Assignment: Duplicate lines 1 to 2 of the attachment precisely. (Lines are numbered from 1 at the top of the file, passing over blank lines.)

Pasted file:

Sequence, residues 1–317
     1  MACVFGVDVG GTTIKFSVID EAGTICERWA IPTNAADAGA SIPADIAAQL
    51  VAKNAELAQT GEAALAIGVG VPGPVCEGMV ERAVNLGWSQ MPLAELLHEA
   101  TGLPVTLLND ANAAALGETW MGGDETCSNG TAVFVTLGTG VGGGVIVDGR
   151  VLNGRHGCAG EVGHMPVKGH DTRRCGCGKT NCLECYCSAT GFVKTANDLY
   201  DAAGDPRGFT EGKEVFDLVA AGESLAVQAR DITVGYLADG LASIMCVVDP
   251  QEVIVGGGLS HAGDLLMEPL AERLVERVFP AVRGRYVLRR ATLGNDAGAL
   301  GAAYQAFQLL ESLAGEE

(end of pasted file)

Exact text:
Sequence, residues 1–317
     1  MACVFGVDVG GTTIKFSVID EAGTICERWA IPTNAADAGA SIPADIAAQL